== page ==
When I saw my grandmother in the hospital during her last few days, despite being supported by a breathing machine, she was beautiful. Her skin was smooth, soft and glowing. Even the nurses commented how young and beautiful she looked. If that’s not a testament to taking care of your skin, I don’t know what is. So while I follow my skin care routine each morning and night, I know I’ll be thinking of my grandmother’s beautiful face, the example she set to take care of your skin, and even the small memories I have of her like the smell of her Clinique facial lotion.
Just Show Up
As I grew up, no matter what the celebration or event, Mamaw Peggy was there. From birthdays & recitals to holidays or just hanging out. She was a part of so many happy memories for me over the years. I truly am blessed to have had such a loving grandmother who took the time to just show up. And while I know it’s sometimes easy to blow things off with friends or family when you’re just not feeling up for it, it’s the people who show up that means the most and my grandmother was one of those people.
Put On Your Dancing Shoes
Never miss an opportunity to cut a rug. Hands down one of my favorite memories of my Mamaw Peggy will be the zest for life she brought with her love of dancing. I noticed it more as I grew older and I had more opportunities to see her dance such as when we attended family weddings. She loved to enjoy life. If that meant having a beer in the backyard while the hubby grilled dinner for us on the BGE or just enjoying a bit of ice cream for dessert. Mamaw Peggy showed me that you should always make the most of things and dance whenever possible. Seize the day, enjoy yourself, and put on your dancing shoes.
Travel As Often As Possible
Seeing my Mamaw Peggy travel to visit family and friends no matter the distance set a profound example for me that you are never too old to travel. I love to travel and hope to continue this trend throughout my life. It was so refreshing to have seen my grandmother flying across the country to visit my Aunt in California on a regular basis, or riding to Greenville to visit my sister & nephews or staying the weekend at with me at our home in Atlanta. Since she loved to travel, I wonder if this is why she had a heavy foot on the gas… maybe she just couldn’t wait to get there and explore! 😉 I’ll try not to get as many speeding tickets as her while I take advantage of any opportunity to explore and get the most out of life just as she did.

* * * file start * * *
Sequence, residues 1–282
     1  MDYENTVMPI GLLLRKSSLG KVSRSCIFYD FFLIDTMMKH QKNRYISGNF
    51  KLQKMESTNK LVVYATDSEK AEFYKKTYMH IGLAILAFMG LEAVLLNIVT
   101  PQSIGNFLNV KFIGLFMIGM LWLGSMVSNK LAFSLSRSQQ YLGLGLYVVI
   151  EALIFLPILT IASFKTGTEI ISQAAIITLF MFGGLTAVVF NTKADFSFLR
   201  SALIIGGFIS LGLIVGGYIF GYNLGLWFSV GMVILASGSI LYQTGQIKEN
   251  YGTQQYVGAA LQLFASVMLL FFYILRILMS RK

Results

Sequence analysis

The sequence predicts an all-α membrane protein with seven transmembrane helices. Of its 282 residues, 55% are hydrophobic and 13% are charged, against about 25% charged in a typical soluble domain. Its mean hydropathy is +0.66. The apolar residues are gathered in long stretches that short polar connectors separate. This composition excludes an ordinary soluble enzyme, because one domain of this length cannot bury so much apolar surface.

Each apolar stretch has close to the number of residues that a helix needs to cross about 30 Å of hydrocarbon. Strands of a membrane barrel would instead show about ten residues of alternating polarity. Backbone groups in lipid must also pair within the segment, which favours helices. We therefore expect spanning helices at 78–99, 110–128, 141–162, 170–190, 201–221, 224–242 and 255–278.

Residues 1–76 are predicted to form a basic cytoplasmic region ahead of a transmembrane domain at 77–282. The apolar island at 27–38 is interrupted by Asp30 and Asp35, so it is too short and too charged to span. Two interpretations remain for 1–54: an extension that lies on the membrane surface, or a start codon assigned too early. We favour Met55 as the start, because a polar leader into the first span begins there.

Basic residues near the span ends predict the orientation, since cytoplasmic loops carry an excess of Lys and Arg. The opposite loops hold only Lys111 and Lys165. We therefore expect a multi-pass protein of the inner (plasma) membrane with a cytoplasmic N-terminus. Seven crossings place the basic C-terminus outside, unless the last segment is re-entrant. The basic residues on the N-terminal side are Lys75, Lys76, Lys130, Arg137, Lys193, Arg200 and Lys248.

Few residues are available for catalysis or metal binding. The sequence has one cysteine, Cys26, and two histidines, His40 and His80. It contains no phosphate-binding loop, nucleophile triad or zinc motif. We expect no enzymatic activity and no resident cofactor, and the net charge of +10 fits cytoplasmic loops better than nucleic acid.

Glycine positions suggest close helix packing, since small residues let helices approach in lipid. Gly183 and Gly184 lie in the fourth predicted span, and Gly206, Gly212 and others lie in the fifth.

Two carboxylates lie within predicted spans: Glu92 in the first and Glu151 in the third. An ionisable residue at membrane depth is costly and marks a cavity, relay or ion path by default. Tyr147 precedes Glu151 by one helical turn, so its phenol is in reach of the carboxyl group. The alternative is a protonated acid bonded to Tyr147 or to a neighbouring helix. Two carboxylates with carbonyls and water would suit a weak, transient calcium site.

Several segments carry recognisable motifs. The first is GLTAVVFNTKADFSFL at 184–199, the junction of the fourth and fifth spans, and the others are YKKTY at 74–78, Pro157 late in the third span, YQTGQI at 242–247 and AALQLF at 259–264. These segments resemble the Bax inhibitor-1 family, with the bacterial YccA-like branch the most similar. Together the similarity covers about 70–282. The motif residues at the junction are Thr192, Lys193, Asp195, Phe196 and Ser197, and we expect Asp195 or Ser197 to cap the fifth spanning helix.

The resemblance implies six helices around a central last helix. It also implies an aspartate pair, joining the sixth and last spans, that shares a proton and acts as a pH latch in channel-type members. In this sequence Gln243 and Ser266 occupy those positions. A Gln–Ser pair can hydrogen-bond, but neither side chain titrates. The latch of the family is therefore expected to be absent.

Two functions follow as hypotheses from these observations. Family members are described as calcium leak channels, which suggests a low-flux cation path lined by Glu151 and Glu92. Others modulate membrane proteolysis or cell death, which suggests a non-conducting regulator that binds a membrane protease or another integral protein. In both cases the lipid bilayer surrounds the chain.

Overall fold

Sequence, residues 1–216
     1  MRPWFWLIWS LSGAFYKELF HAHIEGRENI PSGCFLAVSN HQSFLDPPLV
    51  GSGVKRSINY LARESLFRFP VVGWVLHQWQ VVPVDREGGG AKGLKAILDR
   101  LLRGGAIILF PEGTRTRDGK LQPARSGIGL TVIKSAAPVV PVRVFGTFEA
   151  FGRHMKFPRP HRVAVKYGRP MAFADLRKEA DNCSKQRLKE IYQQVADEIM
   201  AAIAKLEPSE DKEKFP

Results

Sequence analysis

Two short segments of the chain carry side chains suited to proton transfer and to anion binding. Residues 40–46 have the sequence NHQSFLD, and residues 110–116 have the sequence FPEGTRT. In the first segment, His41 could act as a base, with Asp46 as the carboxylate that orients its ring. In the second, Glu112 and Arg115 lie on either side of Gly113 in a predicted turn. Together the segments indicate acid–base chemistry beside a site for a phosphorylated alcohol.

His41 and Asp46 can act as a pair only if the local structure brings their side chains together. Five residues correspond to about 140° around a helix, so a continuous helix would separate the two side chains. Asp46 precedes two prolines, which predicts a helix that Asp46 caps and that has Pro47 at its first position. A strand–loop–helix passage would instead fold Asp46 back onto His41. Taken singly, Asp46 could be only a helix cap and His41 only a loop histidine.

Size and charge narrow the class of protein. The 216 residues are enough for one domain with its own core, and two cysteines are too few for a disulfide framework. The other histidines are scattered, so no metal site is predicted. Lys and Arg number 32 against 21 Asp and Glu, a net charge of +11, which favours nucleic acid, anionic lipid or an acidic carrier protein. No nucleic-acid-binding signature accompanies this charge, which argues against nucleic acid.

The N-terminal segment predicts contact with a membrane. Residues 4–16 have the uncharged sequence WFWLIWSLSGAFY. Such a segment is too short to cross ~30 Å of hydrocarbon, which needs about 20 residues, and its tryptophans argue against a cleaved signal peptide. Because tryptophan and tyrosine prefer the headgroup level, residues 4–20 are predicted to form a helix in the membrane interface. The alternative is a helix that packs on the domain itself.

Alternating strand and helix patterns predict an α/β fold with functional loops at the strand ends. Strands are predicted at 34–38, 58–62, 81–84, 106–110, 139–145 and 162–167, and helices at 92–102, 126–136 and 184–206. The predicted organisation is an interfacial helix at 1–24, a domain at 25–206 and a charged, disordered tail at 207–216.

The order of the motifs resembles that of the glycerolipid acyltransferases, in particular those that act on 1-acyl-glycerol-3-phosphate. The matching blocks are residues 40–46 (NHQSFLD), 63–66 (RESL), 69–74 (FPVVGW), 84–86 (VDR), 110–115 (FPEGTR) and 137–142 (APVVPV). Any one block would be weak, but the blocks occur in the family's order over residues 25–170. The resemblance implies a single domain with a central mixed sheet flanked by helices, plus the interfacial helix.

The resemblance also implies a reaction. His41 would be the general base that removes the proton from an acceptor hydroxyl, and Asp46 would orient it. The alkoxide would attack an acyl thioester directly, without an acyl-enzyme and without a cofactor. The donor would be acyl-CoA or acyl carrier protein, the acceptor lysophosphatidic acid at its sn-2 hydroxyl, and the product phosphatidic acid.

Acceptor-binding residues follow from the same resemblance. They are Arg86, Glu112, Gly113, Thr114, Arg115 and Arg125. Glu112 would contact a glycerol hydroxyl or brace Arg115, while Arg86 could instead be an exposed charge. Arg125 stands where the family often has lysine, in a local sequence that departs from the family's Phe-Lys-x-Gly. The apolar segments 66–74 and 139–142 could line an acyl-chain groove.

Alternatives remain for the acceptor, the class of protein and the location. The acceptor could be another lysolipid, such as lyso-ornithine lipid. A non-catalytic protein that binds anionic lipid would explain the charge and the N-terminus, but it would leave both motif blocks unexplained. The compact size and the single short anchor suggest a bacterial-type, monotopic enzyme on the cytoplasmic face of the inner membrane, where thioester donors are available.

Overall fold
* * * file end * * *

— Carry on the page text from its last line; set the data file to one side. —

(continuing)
Don’t Be Scared to Try New Things or Challenge Yourself
My Mamaw Peggy was a trailblazer. She worked professionally for over 33 years while raising a family of four children. I can only imagine what she encountered as an early adopter of the “working mom” title. But one of the many things that I learned from her was not to be scared to try new things. I remember that my grandmother was the first person I knew to buy a personal computer complete with black background and function menu. It was an original Apple Macintosh computer system, and she let me use it to create and print fun projects in what we know now as Word and Paint. Yes, she did upgrade to a new Mac complete with email, facebook and facetime abilities in recent years – all of which she used!
She showed me how to use tracing paper and oil paints instead of just handing me a set of crayons and a coloring book. She taught and encouraged me to play golf despite being one of the only girls on my high school golf team. And while she had a cell phone for years, she upgraded to a new iPhone earlier this summer. She was held numerous leadership positions in various women’s organizations and was never afraid to try something new. I will always admire her quest to challenge herself and that she never let fear of the unknown stop her from trying something new.